Less than half of expected sockeye have returned to Copper River so far this year

A new report says salmon, including sockeye, shown here, could have habitat disrupted by new rainfall and snow patterns caused by climate change. (Photo by Katrina Mueller/USFWS)
As of June 1, sonar had counted just 63,585 sockeye in the Copper River, the 13th lowest run on record so far. (Katrina Mueller/USFWS)

The Copper River’s sockeye run is far below the state’s goals so far this year.

The Alaska Department of Fish and Game announced Wednesday the latest in a series of closures this season. The district has opened only for three 12-hour fishing periods so far on May 17, 20, and 24.

But as of Tuesday, the department’s sonar tower counted just 63,585 sockeye in the Copper River, the 13th lowest run on record so far. The state’s in-river count goal is more than double that at 148,048 fish.

The department said the commercial harvest is the fourth lowest to date in the last 50 years.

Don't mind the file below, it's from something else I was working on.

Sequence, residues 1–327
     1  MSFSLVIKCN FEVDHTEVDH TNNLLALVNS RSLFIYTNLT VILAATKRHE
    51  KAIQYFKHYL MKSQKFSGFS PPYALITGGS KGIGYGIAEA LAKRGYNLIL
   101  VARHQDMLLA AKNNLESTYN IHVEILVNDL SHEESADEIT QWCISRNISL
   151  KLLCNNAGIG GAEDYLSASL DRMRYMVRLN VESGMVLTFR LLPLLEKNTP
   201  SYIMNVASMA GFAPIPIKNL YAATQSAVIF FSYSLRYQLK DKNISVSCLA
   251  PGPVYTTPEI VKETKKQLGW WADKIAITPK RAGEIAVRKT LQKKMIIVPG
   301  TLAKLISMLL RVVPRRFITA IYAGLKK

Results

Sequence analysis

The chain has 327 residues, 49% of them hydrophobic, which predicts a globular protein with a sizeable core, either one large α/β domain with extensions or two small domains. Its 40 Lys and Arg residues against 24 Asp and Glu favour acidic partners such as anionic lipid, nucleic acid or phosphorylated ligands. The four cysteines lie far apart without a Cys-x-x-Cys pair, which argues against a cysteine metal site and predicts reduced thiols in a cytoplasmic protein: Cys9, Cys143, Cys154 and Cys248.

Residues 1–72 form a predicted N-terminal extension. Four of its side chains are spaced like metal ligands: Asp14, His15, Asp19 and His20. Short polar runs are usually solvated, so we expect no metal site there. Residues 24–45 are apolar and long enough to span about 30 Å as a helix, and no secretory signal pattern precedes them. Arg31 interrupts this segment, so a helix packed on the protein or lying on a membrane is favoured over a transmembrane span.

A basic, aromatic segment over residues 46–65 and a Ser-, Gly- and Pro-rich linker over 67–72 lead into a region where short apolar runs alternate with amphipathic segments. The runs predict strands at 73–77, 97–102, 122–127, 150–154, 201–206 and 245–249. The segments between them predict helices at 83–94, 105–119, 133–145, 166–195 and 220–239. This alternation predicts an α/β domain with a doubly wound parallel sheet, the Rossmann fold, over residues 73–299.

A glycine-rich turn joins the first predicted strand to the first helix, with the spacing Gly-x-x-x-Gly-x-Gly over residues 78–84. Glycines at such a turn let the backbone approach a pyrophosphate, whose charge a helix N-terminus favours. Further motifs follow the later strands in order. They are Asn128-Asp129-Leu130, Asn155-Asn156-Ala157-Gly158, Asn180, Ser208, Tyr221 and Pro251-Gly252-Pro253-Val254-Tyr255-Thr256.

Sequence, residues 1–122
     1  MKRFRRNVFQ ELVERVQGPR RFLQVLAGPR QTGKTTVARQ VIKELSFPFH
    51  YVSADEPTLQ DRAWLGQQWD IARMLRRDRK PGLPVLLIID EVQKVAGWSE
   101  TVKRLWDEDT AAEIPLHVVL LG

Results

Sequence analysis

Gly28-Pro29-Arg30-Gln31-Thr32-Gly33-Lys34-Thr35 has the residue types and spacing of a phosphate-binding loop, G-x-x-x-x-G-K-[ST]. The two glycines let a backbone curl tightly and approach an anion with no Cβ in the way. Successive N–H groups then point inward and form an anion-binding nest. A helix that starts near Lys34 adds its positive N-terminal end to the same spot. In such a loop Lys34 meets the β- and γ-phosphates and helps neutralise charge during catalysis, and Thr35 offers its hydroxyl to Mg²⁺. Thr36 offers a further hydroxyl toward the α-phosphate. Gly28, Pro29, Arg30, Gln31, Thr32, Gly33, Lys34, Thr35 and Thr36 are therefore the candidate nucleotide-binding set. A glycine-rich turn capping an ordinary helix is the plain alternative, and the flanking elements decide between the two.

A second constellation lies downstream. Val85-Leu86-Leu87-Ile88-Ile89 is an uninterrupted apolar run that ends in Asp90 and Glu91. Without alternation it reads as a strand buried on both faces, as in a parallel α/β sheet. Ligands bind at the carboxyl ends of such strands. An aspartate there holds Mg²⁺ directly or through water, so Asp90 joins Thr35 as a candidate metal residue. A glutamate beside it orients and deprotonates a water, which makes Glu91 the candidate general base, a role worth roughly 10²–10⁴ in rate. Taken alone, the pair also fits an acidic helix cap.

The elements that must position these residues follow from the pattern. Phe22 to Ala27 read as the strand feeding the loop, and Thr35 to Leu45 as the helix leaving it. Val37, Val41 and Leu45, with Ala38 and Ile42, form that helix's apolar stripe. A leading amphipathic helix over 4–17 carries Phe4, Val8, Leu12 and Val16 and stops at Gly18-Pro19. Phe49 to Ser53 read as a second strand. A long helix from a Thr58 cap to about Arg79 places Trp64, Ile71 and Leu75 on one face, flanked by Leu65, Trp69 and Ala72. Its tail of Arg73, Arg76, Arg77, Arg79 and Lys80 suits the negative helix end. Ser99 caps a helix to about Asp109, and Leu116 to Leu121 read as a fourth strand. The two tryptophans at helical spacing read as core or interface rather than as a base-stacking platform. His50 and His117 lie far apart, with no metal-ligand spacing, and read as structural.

But while the harvest may be low, prices for Copper River salmon were high even before the fishery opened in mid-May. Peter Pan Seafoods announced that it would pay triple last year’s prices for sockeye and kings. This year, it will pay $19.60 per pound for kings and $12.60 a pound for sockeye, while in 2020, sockeye went for around $4 and kings for $6.

The Cordova Times reported retailers’ pre-orders for sockeye fillets were as high as $54 a pound. King fillets went for up to $79.99 a pound.

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